Tudorís work at Jacobs Pillow in Lee, Massachusetts, holds a special place in his history. Throughout the 1940ís Tudor accepted summer positions at the famed summer dance festival and school where he would be reunited with Alicia Markova, whom he had worked with as a guest artist at Ballet Rambert (the original Juliet in his Romeo and Juliet). At Jacobís Pillow he began work on
Pillar of Fire and later created The Dear Departed featuring Hugh Laing and Diana Adams. He also restaged many of his other ballets in addition to teaching classes.

The entire summer program at Jacobís Pillow in 1951 was delegated to Tudor, who planned and implemented everything. Tudor also choreographed two new works that summer,
Les Mains Gauche and Ronde du Printemps, featuring New York City Ballet dancers. Ronde was a particularly innovative series of pas de deuxís that, unfortunately, is lost today. To get the performances he wanted, Tudor kept dancers, like future répétiteur, Sallie Wilson, from seeing other parts of the ballet in a demand for psychological authenticity. The tactic worked, but at a cost of preserving the ballet (a common problem of the period). In 1952 he also choreographed La Goire for New York City Ballet and Trio Con Brio at Jacobs Pillow, both of which were thought to have been lost but have since been reproduced by New York Theatre Ballet. His final work for Jacobís Pillow was 1953ís Little Improvisations, which is considered a masterpiece.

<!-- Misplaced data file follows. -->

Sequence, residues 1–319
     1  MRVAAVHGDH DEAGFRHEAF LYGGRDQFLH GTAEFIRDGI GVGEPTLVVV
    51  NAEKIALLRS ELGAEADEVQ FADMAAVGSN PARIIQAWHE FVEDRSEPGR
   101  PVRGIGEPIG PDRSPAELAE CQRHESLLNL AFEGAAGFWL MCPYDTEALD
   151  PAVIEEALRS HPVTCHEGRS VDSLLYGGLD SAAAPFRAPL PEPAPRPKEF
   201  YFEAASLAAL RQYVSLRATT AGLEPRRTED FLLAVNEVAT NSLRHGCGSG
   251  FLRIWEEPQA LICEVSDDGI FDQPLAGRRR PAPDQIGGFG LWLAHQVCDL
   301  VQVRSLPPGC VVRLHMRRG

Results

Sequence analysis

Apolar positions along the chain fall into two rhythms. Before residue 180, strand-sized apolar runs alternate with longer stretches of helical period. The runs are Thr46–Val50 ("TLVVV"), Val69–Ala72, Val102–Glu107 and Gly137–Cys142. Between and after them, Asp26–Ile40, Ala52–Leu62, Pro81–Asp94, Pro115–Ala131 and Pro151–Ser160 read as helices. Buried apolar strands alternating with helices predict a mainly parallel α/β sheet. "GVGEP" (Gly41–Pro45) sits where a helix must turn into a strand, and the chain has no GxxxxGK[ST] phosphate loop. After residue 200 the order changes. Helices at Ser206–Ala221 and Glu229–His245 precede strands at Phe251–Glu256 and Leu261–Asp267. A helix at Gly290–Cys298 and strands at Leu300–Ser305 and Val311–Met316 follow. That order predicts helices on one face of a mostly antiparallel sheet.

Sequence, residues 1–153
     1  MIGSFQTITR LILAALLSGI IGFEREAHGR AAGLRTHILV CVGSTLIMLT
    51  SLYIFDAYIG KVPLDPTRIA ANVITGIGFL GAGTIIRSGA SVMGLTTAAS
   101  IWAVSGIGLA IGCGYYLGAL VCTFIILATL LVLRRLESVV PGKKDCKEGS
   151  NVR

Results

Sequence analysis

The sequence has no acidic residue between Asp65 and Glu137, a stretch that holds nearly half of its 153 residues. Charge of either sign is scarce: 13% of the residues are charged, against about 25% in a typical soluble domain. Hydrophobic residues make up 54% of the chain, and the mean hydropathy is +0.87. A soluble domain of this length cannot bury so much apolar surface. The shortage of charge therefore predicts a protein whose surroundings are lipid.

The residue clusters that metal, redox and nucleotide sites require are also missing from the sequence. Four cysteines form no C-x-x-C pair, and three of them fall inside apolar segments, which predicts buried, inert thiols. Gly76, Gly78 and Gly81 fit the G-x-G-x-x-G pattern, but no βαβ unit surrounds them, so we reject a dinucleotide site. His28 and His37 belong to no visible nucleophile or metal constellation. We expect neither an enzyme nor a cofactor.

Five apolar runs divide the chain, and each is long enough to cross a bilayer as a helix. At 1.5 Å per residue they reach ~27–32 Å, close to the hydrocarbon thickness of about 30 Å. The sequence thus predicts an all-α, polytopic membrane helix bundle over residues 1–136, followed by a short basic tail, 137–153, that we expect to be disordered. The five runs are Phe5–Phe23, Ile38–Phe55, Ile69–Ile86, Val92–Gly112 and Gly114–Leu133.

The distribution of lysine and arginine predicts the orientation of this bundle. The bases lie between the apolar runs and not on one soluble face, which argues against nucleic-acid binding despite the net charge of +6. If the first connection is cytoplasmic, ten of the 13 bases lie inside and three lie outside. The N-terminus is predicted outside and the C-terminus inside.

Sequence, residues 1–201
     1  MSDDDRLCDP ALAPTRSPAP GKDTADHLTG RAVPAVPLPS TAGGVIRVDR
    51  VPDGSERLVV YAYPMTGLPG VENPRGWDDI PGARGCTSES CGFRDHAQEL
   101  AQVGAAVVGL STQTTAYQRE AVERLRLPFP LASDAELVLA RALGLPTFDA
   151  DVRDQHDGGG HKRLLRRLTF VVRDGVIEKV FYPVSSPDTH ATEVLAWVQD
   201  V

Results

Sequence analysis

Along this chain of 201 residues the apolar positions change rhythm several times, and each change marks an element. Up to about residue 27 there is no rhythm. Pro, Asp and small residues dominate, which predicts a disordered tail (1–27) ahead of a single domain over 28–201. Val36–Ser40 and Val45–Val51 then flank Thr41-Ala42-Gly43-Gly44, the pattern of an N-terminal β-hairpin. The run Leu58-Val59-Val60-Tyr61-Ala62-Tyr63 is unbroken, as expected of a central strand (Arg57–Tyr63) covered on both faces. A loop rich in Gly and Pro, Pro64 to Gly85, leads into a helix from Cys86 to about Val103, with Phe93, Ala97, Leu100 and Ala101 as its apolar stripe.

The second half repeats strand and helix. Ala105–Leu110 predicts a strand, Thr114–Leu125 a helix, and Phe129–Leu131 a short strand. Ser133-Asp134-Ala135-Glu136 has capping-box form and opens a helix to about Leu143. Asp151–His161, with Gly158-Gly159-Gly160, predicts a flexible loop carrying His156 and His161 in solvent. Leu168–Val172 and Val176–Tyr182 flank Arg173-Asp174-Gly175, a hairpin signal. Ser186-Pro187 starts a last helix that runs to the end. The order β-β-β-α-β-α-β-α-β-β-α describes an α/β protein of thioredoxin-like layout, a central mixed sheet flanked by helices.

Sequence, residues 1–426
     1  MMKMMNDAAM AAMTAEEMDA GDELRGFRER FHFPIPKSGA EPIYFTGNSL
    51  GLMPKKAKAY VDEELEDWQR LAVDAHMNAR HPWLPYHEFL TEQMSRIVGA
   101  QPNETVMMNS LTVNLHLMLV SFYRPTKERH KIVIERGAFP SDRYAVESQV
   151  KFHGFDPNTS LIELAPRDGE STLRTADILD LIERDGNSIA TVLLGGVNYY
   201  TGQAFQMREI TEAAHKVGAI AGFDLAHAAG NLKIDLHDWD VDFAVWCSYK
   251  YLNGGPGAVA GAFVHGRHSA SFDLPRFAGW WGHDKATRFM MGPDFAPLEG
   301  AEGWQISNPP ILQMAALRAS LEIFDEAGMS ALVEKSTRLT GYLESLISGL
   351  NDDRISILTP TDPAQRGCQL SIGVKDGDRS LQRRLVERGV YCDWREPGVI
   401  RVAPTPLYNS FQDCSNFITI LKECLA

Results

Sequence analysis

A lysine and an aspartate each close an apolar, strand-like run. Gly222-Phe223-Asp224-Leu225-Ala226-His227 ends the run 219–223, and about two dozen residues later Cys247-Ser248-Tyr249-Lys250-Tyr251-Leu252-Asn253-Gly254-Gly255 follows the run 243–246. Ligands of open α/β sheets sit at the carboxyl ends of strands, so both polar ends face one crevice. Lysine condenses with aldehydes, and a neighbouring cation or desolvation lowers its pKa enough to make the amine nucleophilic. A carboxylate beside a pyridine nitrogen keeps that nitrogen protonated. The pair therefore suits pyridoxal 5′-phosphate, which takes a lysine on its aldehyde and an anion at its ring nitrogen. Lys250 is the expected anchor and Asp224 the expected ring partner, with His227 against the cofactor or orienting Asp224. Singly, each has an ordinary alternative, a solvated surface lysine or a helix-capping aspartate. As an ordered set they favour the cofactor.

Tudor in rehearsal - Tokyo 1965

Tudor in Tokyo at rehearsal, 1965.
Courtesy of Kumi Oyama, Star Ballet

Tudor taught at Jacobís Pillow for the last time in 1953 where he worked with the recently founded National Ballet of Canada (whose founder and featured ballerina was another former Rambert dancer and future répétiteur, Celia Franca) who had already staged several of his ballets in Toronto. His importance to the development of the festival remains strong today as the organization hosted a ďPillow TalkĒ in which his contributions to dance were discussed.

After the success of